Supported by its own powerful media and a plethora of right-wing ideologues masquerading as academics or civil servants, the masters of neo-liberalism were and are surrounded by a protective propaganda buffer. Their well-oiled publicity machines skilfully dismiss criticism, ostensibly offering a rationale for the harshest of cut-backs and the iniquitous division of wealth. While the layer of misinformation was and is far from being impenetrable, it nevertheless creates an effective barrier to all but the best-crafted critique and adequately supported actions.
     However, just as capitalism appears to be in the process of weathering its latest storm and regaining a certain superficial composure, signs are emerging that at its heart there is a deep-running lack of confidence among some of its most esteemed theoreticians. Central to their concern is the obvious fact that recovery is built upon reducing earnings and income for working people while simultaneously cutting back on the public services and goods often identified by trade unionists as the citizens’ social wage. The difficulty these economists see lies not necessarily in the misery resulting from such policies: what worries them is that a lack of purchasing power is leading to static or falling consumption, leaving the global economy gripped in a non-expansionary or stagnant trough.
     For some time now influential figures from the Keynesian school of economics, such as Paul Krugman and Joseph Stiglitz, have been critical of the fiscal policies being followed by OECD countries. They were considered “old-school,” and were tolerated somewhat indulgently.
     More recently, though, other pro-market economists have added their voices to the list of sceptics, and they are less easily dismissed. Even if we haven’t read it, most of us are aware of the latest work of the French economist Thomas Piketty, Capital in the Twenty-First Century. He caused a stir by undermining capitalism’s claim of an inherent effectiveness of markets to generate wealth equally across the board.
     Other prominent free-market economists are now adding their voices to a growing clamour to rethink the seemingly unshakable position held by economic movers and shakers since the beginning of the Thatcher-Reagan era. The British economist David Blanchflower, a former member of the Bank of England’s influential Monetary Policy Committee, wrote scathingly in the Independent (London) of British government policy. In his article he described the calamitous drop in living standards and real income levels experienced by a majority of Britain’s working people.¹ This has happened without pause since the present coalition government came into office, and this in spite of a growth in GDP and falling rates of unemployment.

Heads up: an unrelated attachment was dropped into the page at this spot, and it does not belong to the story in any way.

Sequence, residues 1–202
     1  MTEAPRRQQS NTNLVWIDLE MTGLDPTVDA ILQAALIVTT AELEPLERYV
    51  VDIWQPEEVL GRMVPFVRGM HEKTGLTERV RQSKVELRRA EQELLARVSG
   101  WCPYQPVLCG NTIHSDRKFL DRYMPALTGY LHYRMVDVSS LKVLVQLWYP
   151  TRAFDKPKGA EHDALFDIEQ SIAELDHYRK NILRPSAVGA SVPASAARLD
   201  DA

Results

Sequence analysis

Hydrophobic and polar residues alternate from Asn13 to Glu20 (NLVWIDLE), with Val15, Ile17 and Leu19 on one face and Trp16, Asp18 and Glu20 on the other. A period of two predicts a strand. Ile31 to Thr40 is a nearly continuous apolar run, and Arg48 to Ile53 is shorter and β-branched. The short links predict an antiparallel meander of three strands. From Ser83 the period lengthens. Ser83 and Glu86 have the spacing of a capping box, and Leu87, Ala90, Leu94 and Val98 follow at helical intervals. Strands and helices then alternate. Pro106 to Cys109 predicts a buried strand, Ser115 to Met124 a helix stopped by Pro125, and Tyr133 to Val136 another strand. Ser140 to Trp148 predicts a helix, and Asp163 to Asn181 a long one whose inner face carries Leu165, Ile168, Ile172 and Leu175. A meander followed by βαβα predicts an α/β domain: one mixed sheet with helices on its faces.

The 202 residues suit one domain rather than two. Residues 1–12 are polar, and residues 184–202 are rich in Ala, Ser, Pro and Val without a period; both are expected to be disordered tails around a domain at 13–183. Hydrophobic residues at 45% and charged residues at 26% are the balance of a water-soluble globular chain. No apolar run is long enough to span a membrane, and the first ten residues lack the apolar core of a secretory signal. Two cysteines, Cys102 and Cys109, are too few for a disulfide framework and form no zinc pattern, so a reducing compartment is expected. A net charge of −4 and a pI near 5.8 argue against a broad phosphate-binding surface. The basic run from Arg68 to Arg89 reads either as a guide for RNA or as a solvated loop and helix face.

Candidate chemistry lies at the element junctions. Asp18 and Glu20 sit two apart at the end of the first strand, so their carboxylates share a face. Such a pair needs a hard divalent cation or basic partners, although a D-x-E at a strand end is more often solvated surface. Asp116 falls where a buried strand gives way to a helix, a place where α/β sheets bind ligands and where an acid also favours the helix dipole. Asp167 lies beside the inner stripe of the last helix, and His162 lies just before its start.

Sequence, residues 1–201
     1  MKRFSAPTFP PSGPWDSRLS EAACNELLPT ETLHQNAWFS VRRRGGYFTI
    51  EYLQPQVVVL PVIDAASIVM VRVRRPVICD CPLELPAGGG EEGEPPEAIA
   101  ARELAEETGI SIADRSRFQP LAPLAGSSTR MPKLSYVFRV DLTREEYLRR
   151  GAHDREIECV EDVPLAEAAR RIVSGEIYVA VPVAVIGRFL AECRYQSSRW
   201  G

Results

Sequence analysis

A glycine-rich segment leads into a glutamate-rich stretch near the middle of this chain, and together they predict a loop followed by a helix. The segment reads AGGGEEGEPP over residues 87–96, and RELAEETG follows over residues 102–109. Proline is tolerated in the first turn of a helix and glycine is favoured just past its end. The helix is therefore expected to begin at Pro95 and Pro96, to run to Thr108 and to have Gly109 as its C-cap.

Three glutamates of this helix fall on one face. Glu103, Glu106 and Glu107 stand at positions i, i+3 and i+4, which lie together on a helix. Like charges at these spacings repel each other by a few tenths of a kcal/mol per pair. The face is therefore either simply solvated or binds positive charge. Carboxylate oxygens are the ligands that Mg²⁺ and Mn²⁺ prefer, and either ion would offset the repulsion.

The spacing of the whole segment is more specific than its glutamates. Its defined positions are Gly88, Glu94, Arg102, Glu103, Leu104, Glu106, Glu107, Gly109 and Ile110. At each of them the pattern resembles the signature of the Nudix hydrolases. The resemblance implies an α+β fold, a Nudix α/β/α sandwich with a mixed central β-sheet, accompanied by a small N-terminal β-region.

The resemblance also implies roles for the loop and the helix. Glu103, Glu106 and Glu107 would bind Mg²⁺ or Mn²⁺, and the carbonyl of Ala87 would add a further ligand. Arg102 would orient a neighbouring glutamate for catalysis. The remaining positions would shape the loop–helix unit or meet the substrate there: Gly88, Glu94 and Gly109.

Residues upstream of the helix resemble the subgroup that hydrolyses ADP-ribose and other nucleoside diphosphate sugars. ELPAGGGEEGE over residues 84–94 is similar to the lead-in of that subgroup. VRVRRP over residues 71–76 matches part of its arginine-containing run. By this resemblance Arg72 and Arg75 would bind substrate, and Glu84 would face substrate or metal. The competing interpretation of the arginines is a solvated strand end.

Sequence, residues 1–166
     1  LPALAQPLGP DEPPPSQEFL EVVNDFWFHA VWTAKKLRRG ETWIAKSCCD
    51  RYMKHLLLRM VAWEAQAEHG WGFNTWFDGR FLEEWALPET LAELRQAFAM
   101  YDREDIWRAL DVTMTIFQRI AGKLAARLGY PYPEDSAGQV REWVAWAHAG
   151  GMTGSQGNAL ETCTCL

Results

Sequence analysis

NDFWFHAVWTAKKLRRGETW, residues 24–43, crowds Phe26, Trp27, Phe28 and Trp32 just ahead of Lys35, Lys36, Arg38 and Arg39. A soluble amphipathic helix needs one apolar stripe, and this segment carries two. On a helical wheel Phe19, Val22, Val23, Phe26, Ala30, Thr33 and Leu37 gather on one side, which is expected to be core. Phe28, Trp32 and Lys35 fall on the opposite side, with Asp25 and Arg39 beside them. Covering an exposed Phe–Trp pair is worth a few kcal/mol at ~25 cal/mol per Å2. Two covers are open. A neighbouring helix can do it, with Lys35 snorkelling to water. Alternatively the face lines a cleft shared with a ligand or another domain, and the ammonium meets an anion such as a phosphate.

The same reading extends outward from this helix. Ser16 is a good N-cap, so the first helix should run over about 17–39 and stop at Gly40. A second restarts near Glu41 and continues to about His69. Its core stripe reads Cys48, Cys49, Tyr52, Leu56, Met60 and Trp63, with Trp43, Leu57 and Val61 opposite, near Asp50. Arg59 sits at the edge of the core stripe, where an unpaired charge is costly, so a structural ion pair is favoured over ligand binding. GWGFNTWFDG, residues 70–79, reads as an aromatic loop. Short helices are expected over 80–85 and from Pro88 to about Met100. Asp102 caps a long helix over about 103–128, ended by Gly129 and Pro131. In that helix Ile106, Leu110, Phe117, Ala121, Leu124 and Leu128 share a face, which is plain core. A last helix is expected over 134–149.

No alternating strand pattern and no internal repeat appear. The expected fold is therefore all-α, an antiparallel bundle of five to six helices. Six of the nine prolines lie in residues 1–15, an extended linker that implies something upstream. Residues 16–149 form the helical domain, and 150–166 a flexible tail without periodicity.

The Blanchflower article struck a chord when he identified a drop in real wages, which in many cases takes workers’ pay below the cost of living. Of course this issue is not confined to Britain. Labour’s share of income has been falling throughout the OECD countries (including Ireland) for several decades, but the impact was disguised until the economic crash of 2008.² Not any longer, though; and one positive outcome has been an increasing demand for adopting and implementing a living-wage policy.
     In Ireland the call for just such a policy not only has the powerful endorsement of the ICTU and its largest trade unions, SIPTU and Unite, but is supported by a number of well-regarded pressure groups advocating social justice. A report in the Irish Times on 4 July announced the launch of a living-wage campaign, mentioning that “one in six people living in poverty in Ireland has a job, a group often called the working poor.”³
     Achieving a living wage—as distinct from a minimum wage, which often becomes the maximum—is not an end in itself, no matter how welcome it would be for working people. Forcing capital to pay workers an acceptable income does not alter the fundamental property relationships that socialism understands to be essential.
     What the struggle for a living wage does do, nevertheless, is offer workers an opportunity to push back and regain some ground lost over the past years of retreat. In this instance there is not only support for the campaign from the union movement and agencies within civic society but there is the real advantage that capitalism’s ideologues are divided on the issue. In other words, momentum in this case favours workers.